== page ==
Grading Criteria for COM-101 and COM-102
Any piece of writing reflects the choices made by the writer—choices in response to his or her understanding of the purpose of writing, its intended audience, and the form (or genre) the writer takes. These criteria attempt to evaluate the writer’s choices.
The A Paper
The assignment’s requirements are met. The writer is in command of the essay’s ideas; details to illuminate or support those ideas are specific, relevant and carefully crafted or presented. The work is tightly unified, and ideas are arranged logically with creative transitions. The introduction is original; it provides necessary context and engages the reader; the conclusion provides new insight and leaves a strong final impression. The writer’s sense of style is reflected in a variety of sentence constructions and sophisticated word choices; there are virtually no mechanical errors. Finally, if needed, MLA documentation rules have been applied precisely. The piece thoroughly satisfies, compelling the reader to think, reflect, or act.
The B Paper
The assignment’s requirements are met. The writer is in consistent control of the ideas of the essay; details to illuminate or support those ideas are specific and relevant. The organization and use of transitions are consistent. The introduction provides a context for the writing, but may miss the opportunity to fully engage the reader; the conclusion doesn’t repeat but rather pulls the essay’s ideas together. The essay demonstrates awareness of stylistic choices, in spite of a few mechanical errors (none of which are distracting to the reader or impede comprehension). Finally, if needed, MLA documentation rules have been applied with few formatting errors. The piece adequately satisfies, offering the reader some opportunity for thought and reflection.
The C Paper
The assignment’s requirements are met. The writer seems initially in control of the ideas of the essay, but is unable to maintain it; details to illuminate or support the essay’s ideas are typically relevant and/or specific. Organization is inconsistent, with few effective links between ideas. The introduction does not engage and provides little context for the reader; the conclusion repeats what’s already been said. The sentences demonstrate little awareness of stylistic options; mechanical errors are somewhat distracting, but generally do not distort the meanings of sentences. Finally, if needed, MLA documentation rules have been applied; formatting errors don’t mislead or confuse the reader. The piece prompts no further thought or reflection, leaving the reader indifferent.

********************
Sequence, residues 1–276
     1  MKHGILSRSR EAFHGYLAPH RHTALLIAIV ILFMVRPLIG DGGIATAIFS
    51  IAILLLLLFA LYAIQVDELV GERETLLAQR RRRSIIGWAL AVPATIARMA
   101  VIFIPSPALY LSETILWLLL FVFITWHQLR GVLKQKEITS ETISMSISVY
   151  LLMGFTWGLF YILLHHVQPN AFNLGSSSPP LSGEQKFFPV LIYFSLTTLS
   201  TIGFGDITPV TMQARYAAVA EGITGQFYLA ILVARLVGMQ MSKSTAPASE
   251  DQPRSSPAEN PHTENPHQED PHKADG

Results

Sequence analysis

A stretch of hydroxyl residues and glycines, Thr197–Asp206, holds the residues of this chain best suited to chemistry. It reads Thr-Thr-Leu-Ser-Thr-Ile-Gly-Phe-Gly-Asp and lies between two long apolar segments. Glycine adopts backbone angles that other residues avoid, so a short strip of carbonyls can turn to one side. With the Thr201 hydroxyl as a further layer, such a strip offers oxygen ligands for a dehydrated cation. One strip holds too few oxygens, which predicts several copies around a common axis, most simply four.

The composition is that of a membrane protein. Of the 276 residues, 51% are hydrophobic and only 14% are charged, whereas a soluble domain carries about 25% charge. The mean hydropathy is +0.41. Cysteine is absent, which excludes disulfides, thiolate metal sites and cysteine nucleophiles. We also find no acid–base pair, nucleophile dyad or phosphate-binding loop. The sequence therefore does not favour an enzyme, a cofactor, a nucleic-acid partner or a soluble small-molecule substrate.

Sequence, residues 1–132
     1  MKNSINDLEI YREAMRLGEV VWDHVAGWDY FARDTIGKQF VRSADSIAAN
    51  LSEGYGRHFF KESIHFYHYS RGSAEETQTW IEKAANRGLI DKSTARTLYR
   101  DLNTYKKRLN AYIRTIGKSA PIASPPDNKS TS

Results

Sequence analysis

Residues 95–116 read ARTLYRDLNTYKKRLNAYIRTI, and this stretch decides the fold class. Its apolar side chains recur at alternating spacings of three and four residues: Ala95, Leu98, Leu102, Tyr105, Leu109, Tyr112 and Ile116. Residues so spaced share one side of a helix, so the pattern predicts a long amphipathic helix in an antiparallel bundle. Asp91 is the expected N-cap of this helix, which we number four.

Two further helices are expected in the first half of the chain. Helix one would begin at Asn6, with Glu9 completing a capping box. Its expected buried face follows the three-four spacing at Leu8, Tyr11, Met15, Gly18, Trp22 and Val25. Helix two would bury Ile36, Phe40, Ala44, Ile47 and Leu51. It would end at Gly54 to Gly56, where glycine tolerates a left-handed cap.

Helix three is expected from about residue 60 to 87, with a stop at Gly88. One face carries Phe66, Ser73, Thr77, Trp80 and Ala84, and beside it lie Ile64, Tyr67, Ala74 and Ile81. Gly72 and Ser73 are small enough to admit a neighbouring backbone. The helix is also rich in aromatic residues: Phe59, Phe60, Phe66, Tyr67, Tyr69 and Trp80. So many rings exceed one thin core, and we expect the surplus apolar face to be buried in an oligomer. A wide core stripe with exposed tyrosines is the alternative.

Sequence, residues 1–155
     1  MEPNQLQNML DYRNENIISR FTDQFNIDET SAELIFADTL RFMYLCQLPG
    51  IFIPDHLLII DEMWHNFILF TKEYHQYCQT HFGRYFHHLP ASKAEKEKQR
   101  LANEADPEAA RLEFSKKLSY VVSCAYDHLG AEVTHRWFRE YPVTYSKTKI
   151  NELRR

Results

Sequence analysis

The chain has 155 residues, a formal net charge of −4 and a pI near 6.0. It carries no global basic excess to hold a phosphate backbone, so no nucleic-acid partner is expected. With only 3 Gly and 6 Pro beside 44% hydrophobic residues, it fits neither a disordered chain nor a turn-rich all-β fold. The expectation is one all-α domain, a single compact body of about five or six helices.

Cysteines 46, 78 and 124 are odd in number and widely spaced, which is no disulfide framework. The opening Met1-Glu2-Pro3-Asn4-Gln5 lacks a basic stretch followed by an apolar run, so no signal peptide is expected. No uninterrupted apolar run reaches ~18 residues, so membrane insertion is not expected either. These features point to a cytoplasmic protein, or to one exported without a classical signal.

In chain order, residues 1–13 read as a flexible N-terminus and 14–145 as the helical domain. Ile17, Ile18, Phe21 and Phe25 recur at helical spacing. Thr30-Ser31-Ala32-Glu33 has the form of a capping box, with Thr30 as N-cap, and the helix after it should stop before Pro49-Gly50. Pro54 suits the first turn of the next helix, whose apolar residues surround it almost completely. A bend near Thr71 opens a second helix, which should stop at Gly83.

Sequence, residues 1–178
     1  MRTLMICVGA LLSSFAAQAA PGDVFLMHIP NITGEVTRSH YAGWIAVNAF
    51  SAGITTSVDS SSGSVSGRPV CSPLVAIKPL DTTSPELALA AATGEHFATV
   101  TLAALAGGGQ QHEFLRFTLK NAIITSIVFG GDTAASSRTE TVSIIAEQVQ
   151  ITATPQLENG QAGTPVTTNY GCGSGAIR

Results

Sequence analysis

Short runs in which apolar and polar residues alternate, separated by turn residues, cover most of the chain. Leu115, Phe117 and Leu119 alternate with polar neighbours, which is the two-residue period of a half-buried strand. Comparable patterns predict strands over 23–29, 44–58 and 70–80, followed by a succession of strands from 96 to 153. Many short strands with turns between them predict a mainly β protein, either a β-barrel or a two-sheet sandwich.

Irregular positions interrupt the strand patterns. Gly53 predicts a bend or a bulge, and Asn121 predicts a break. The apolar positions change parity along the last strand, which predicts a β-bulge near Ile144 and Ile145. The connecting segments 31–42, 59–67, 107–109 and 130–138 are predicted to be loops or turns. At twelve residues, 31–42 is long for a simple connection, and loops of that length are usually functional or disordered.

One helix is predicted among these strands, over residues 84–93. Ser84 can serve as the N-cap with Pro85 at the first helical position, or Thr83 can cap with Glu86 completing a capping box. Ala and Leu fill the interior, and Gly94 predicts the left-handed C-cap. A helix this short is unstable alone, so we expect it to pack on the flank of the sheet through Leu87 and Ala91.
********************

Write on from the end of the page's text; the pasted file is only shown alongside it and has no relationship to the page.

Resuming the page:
The D Paper
The assignment’s requirements are not met. The writer maintains a false sense of control over the essay’s ideas (by mistaking a statement of purpose for a main idea, for example); details meant to illuminate or support the essay’s ideas are often generic and/or irrelevant. The organization is confusing, with little or no attempt at linking ideas. The introduction is unoriginal and fails to provide enough context for the reader; there is very little attempt at closing the essay. Sentences tend to be monotonous, with multiple mechanical errors that distract the reader from or even distort the ideas of the essay. Finally, MLA documentation rules have been attempted, but formatting misleads or confuses the reader. The piece is dissatisfying; it frustrates the reader’s attempts to further engage with the essay.
The F Paper
The assignment’s requirements are not met. The writer has no control over the essay’s ideas; details are severely lacking or missing altogether. The organization is incoherent or illogical, with no transitions between ideas, creating a total lack of unity. There has been no attempt to introduce or close the essay. Mechanical errors are distracting to the reader, distort meaning, and ultimately negate the writer’s credibility. MLA documentation rules, when needed, have not been attempted. The reader feels that his or her time has been wasted.